Major changes are continuing to reshape the nature of home care. Driven by an aging population, workforce shortages and an increase in demand as a result of the COVID-19 pandemic, government agencies are now demanding more value from home health providers and also requiring new training programs for family caregivers.

These impactful changes in regulations and requirements by the Centers for Medicare & Medicaid Services (CMS), include the expansion of the Home Health Value-Based Purchasing (HHVBP) model that will be taking effect in January, 2023. HHVBP has been piloted in nine states since 2016, providing incentives for better quality care with greater efficiency. It has had promising outcomes, but the impact on the home care field has not been fully examined.

The Research Institute for Home Care has undertaken research to assess the true effect of HHVBP and of the newly required training for family caregivers. What we learn from this research and future studies can help ensure that the industry has the information it needs to prioritize safe, effective, and evidence-based home care for patients.

Value-based purchasing

The purpose of this research was to characterize the quality of home care over time by using longitudinal CMS data, examining the impact of the HHVBP model upon quality indicators. We also used qualitative interviews and a national survey to explore how home health agencies responded to the CMS quality initiatives.

Based on the selected measures, the research found that the overall quality of home care improved substantially from 2012 to 2016; however, those improvements varied by ownership, both in terms of trends (larger improvements for nonprofit agencies) and as a function of nurse staffing.

Once HHVBP was piloted in 2016, participating home health agencies significantly improved their performance on quality of patient care and patient experience measures. Rates of hospital transfers, readmissions and emergency department visits with and without hospitalizations also improved measurably over time.

Data from qualitative interviewees at the HHAs revealed variations in knowledge and opinions about the HHVBP model and its impact upon day-to-day operations. While the research documented improvements under the new model, the extent of progress depended upon home health agency ownership and leadership priorities.

Training for family caregivers

Family caregivers are a vital source of assistance for older adults and Medicare-certified home health agencies are now required to offer family caregiver training. But little has been known about barriers to accomplishing this. So, we funded a qualitative research study through key informant interviews with registered nurses and physical therapists from four diverse home health agencies. Interviews explored major barriers and facilitators to successfully providing family caregiver training.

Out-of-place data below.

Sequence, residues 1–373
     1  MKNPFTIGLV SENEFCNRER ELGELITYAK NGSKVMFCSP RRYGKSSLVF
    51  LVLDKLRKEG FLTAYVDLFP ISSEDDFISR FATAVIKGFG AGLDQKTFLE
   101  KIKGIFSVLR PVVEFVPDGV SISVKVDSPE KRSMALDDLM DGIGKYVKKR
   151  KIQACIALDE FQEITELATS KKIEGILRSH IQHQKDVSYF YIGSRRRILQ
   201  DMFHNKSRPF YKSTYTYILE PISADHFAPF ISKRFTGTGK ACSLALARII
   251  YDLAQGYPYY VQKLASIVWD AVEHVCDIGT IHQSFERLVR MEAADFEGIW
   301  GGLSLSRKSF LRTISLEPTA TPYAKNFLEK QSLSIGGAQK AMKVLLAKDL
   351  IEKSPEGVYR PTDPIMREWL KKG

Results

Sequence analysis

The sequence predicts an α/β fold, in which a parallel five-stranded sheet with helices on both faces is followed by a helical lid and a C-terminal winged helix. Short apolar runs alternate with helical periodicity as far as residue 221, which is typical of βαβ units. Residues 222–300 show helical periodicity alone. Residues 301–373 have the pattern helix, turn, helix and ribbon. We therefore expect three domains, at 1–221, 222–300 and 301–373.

Clinicians identified a range of factors that helped or hindered effective training, including the tenure of the clinician, the quality of the clinician/caregiver rapport, and the quality of agency-provided resources, including additional visits and formal training materials. Clinicians emphasized the importance of informal communication, both within the care team and between clinician and caregiver. Clinicians said COVID-19 damaged the training effort because it reduced caregivers’ access to hospital staff prior to discharge.

As a result of this research, we recommended that home health agencies consider expanding visit flexibility and encouraging both formal and informal team communication to facilitate successful family caregiver training. Additionally, we suggested that agencies consider expanding current clinician onboarding and continuing education options to include practical training on how best to interact and develop trust with patients’ caregivers.

Building a brighter future for home care

Studies like these can help inform insurers, policymakers and providers so that they can make decisions on the future of home care that are grounded in evidence and best practices. But we need to continue this work.

It is time to increase our investment in peer-reviewed research to bolster the evidence base for home care in order to help legislators, insurers, regulators, and the public realize the tremendous benefits that could be reaped through increased home care.

We stand at a pivotal moment with an opportunity to create lasting change. It will be crucial to have evidence-based policy and best practices to guide the industry; and these guidelines must be based on high-quality research.

J. Mark Baiada is a member of the board of directors for the Research Institute for Home Care and chair of BAYADA Home Health Care.